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Gear head

Horsepower and Torque

Part

by Steve D’Antonio

ONE

F

ew discussions confuse, confound, and mislead boat owners, builders, brokers, and readers as much as that of horsepower and torque. When distilled down to its most basic form, the explanation and differentiation between these two terms can be characterized thusly: horsepower is a measurement of work over a period of time, while torque is simply a measurement of force irrespective of the time over which it’s applied. Torque is an element of horsepower; however, it’s distinctly different. A firm understanding may enable you to better evaluate engine options for new or used vessels, as well as evaluating performance and fuel economy for a vessel you own or are contemplating purchasing. Familiarity with these definitions will also allow you to evaluate the level of expertise of professionals in the industry.

Horsepower History 101 Well over a dozen different types of horsepower measurement have been used since the term was first coined by James Watt, the developer of the “improved” steam engine, in 1782. He determined that ponies used to carry coal (or water) out of a vertical mine could lift, via a rope and pulley, 22,000 foot-pounds of force per minute (more on what this means in a moment). The pony turned a mill wheel 144 times in one hour (2.4 times per minute). Watt also estimated that a pony could pull with a force of roughly 180 pounds. The wheel had a 12 foot radius, which meant the horse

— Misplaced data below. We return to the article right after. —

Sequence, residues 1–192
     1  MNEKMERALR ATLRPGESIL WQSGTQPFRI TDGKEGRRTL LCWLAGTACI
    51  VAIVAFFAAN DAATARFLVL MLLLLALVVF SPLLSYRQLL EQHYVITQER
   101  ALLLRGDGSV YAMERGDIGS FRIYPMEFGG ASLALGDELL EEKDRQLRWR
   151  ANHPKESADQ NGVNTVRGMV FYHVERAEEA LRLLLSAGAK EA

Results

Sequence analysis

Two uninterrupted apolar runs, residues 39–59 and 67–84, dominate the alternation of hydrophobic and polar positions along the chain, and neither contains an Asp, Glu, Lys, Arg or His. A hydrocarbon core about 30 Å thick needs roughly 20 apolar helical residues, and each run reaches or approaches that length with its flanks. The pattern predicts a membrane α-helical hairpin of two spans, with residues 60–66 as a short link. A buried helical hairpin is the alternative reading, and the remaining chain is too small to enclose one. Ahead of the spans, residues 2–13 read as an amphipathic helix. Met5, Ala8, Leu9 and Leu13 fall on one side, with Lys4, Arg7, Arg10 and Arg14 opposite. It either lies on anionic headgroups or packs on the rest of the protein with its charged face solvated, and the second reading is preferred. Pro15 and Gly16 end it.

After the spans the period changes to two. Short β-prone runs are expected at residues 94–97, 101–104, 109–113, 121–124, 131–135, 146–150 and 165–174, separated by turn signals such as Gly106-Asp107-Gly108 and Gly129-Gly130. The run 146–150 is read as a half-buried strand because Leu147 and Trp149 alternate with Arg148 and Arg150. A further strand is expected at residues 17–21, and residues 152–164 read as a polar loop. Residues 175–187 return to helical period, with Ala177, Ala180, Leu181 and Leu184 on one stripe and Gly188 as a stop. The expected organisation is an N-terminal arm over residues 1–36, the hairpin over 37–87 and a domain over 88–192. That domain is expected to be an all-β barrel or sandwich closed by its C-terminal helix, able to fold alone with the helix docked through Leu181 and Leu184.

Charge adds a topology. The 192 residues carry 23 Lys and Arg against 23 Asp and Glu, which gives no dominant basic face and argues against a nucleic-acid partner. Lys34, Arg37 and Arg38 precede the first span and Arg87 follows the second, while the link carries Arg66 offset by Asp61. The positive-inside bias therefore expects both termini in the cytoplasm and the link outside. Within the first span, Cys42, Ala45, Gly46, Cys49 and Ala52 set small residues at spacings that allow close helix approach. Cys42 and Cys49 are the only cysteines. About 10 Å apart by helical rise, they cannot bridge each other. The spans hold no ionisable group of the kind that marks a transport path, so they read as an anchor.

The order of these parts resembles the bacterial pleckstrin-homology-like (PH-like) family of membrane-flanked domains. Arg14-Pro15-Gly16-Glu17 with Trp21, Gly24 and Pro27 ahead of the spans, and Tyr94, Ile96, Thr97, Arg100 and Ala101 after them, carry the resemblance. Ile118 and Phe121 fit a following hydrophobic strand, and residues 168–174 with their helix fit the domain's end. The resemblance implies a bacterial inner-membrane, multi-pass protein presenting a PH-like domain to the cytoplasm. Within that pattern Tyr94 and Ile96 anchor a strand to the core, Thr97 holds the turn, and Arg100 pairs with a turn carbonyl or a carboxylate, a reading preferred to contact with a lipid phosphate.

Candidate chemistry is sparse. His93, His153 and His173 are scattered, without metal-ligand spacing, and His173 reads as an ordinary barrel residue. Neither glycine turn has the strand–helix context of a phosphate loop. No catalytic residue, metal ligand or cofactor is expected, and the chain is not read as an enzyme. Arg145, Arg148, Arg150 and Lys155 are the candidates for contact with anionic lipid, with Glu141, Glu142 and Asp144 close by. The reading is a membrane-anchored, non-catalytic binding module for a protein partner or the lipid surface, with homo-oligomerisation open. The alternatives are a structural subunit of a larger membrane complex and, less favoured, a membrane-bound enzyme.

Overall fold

traveled 2.4 x 2π x 12 feet in one minute, which, using Watt’s formula of force multiplied by time divided by distance equaled 32,572 foot-pounds of force/ minute, which was rounded to 33,000 ft lbf (pounds of force)/min or one horsepower. Some say Watt carried out these calculations for ponies and then increased the figures by 50 percent, assuming horses were that much stronger. There are competing stories involving brewery horses and other historically obscure individuals; however, one fact is clear, the unit of measure for horsepower, which ##With the advent of high speed diesel engines, it’s become possible to achieve greater output in a smaller, lighter package, often making it possible to repower a vessel with a smaller, lighter and more powerful replacement engine.

30 September 2015 PropTalk.com

involves a calculation of force over time, remains prevalent to this day. The reason Watt went through the trouble of devising the horsepower calculation was profit-driven. He needed a way to calculate for his clients the amount of coal they would save by using his improved steam engine (improved over Newcomen’s steam power plant), his fee being based on a percentage of the coal not used by his customers after making the switch. However, the commission program wouldn’t work for mines that used horses rather than Newcomen’s steam engine. Thus, the term horsepower was born. The inference being, for instance, a 20-horsepower steam engine would replace 20 horses (although it’s not likely the comparison was that empirical). Other measures of horsepower have been proffered by other nations since Watts, including those abbreviated as PS (German), CV (Italian, French, Spanish, and Portuguese), pk (Dutch), ch (French), and others, all of which translate to horsepower in English, with one significant twist: they represent metric horsepower (MHP). The good news is, one PS, which stands for Pferdestärke or horse strength in German, as well as all of the other metric horsepower abbreviations, are equivalent to .99 non-metric or imperial horsepower, sometimes

PropTalk Magazine September 2015  

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